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Hyundai Makes Room for Fuel Cell Power

October 11th, 2010 · No Comments

Hyundai has developed a second-generation fuel-cell electric vehicle (FCEV) based on its Tucson small SUV. Compared to the first-generation fuel- cell vehicle, the Tucson FCEV has an extended driving range and incorporates numerous technical advances, including a fuel cell from UTC Fuel Cells that operates at sub-zero temperatures, and a new high-voltage lithium-ion polymer battery.
The original Santa Fe hydrogen FCEV was developed in 2000 when the company teamed up with UTC Fuel Cells. In 2002, Hyundai added hybrid technology, and the driving range of the vehicle was extended from 160 to 185 km (100 to 115 mi) using the same amount of hydrogen. But much of the hybrid Santa Fe FCEV trunk space was occupied by the high-voltage dc/dc converter and hybrid battery. The goal for the new Tucson (and Kia Sportage) version was to integrate and improve the technology while maintaining the interior space of the conventionally powered version.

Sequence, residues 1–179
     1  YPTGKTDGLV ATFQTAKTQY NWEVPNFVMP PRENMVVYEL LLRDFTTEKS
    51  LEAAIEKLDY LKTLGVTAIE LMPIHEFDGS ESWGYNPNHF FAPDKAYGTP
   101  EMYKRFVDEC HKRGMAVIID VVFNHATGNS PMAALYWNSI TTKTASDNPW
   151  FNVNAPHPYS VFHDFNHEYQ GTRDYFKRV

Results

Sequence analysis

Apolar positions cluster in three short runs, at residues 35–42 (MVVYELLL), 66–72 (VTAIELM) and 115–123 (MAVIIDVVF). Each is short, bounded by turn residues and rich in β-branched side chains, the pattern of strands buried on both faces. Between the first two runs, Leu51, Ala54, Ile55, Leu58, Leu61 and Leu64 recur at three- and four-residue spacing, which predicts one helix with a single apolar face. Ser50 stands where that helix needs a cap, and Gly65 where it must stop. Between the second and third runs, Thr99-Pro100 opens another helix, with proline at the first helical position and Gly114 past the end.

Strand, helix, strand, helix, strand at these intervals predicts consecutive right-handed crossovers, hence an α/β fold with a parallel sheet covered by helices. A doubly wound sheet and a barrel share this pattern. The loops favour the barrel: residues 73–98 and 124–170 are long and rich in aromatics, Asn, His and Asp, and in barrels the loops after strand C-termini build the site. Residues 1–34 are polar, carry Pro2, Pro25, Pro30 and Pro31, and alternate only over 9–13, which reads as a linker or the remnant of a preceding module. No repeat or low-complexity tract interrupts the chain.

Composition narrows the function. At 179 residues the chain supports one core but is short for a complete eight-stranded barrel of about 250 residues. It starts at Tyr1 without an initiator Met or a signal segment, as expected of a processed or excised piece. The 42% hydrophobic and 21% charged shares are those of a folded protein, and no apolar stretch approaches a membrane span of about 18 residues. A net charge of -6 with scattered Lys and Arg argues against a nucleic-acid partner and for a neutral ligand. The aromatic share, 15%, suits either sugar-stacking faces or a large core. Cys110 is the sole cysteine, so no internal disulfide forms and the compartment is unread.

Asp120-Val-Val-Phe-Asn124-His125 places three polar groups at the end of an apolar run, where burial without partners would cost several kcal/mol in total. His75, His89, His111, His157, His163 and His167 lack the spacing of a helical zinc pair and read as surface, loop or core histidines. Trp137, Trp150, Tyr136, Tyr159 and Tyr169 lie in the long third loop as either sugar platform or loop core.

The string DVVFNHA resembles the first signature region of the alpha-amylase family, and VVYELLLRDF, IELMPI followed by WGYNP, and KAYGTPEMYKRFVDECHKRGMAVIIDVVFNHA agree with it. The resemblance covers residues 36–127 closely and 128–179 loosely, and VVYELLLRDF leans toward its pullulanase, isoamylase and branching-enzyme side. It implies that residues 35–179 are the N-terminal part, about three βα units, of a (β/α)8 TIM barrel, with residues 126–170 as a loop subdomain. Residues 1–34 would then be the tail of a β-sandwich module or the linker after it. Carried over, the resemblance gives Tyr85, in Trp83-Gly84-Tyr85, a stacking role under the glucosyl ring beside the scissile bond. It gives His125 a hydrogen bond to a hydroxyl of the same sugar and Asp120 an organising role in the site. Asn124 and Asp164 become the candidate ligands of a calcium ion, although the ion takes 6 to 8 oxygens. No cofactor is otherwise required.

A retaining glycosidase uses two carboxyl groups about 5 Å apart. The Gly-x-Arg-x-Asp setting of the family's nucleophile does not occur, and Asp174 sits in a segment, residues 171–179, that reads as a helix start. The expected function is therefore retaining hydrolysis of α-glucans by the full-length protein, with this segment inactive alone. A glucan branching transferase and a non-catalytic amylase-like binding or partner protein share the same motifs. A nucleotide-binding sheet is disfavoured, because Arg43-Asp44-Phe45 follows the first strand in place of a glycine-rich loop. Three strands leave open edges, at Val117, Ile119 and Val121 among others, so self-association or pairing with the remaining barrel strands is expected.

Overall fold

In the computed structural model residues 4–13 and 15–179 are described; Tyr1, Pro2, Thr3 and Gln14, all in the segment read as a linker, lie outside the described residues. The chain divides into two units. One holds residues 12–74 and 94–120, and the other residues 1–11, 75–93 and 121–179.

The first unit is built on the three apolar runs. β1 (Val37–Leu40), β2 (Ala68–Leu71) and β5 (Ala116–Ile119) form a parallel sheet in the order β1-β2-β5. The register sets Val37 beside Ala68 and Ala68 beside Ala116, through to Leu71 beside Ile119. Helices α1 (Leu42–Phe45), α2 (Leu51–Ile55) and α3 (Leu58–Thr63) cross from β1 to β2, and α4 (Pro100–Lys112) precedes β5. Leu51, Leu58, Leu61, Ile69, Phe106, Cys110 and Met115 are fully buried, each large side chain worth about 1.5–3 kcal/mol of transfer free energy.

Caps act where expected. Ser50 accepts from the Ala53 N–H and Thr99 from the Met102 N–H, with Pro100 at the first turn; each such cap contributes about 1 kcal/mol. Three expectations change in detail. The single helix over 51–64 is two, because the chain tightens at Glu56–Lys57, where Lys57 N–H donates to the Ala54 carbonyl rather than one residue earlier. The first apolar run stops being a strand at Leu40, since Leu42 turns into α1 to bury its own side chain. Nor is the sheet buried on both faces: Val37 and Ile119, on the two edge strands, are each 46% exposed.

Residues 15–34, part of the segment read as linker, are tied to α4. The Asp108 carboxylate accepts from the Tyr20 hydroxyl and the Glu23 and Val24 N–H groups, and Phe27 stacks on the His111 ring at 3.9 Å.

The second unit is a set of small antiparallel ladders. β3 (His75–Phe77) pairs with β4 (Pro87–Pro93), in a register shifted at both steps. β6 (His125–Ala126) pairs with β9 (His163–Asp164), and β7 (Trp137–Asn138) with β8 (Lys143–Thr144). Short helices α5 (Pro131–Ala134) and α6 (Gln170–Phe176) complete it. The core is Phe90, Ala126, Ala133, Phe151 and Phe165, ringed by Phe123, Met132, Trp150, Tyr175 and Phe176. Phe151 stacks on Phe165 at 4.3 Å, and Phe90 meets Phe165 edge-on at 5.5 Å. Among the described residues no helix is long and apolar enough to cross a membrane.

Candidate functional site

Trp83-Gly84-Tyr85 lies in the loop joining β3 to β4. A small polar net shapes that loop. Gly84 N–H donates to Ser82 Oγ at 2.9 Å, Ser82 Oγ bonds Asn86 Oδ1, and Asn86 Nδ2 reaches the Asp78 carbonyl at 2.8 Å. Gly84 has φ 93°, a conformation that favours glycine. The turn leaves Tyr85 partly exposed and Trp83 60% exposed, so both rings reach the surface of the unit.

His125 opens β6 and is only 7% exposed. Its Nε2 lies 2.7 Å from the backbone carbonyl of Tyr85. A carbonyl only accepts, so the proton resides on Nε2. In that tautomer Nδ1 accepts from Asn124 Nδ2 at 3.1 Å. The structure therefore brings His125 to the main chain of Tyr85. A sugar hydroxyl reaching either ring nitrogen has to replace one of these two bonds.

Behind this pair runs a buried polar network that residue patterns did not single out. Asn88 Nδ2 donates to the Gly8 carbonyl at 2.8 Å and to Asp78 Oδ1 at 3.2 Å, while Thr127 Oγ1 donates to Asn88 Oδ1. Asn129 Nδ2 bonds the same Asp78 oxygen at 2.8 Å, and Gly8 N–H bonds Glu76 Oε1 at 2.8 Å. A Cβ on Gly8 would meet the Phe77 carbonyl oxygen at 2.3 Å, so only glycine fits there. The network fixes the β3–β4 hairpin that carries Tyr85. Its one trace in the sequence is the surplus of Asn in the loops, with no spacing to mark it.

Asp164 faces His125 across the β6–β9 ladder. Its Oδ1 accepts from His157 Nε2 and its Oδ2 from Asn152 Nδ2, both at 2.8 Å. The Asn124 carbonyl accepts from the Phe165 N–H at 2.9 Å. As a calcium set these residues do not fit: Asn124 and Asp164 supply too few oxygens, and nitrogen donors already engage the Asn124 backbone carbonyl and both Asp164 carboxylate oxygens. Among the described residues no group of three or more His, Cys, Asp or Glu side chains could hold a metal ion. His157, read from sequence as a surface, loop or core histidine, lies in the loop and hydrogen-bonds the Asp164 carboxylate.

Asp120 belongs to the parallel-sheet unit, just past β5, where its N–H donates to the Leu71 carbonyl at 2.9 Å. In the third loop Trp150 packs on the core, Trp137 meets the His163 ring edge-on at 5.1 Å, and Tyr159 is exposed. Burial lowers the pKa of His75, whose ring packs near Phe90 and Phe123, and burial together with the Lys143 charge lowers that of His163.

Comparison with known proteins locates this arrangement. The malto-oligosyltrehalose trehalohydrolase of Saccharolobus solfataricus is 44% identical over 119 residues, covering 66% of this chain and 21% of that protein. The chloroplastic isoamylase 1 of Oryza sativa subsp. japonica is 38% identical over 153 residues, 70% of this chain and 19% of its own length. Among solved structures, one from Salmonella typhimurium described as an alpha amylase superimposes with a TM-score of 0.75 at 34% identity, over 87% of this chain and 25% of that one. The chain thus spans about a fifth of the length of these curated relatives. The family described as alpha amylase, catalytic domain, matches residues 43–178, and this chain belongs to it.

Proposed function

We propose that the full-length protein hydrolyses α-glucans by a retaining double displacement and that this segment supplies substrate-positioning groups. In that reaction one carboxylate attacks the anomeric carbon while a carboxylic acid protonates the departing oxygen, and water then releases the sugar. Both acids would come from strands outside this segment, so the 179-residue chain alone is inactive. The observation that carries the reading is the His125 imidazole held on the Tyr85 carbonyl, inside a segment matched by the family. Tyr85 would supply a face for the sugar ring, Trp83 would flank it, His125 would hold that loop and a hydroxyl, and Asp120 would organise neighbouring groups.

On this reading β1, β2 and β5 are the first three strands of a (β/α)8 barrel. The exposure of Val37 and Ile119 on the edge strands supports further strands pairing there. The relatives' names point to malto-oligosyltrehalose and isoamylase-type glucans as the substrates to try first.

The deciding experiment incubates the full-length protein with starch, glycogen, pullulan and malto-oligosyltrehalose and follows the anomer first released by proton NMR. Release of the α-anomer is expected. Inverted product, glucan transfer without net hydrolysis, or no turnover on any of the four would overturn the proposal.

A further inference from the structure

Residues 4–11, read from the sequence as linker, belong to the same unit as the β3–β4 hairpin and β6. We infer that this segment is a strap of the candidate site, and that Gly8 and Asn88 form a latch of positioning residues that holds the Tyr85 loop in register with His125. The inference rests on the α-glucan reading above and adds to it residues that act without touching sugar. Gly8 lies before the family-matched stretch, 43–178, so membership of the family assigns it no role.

Unlike its predecessor, which featured an under-floor installation, the Tucson FCEV’s power plant is located in the front, under the hood. The driving range has been extended to 300 km (186 mi) thanks to its 152-L hydrogen storage tanks. Marginally lighter than its predecessor, the Tucson FCEV also gets an extra 5 kW of fuel-cell power for a peak output of 80 kW. Maximum speed is rated at 150 km/h (93 mph) compared to the Santa Fe’s 124 km/h (77 mph). Built with lightweight aluminum body components, the Tucson FCEV has a power-to-weight ratio similar to that of a conventional SUV.

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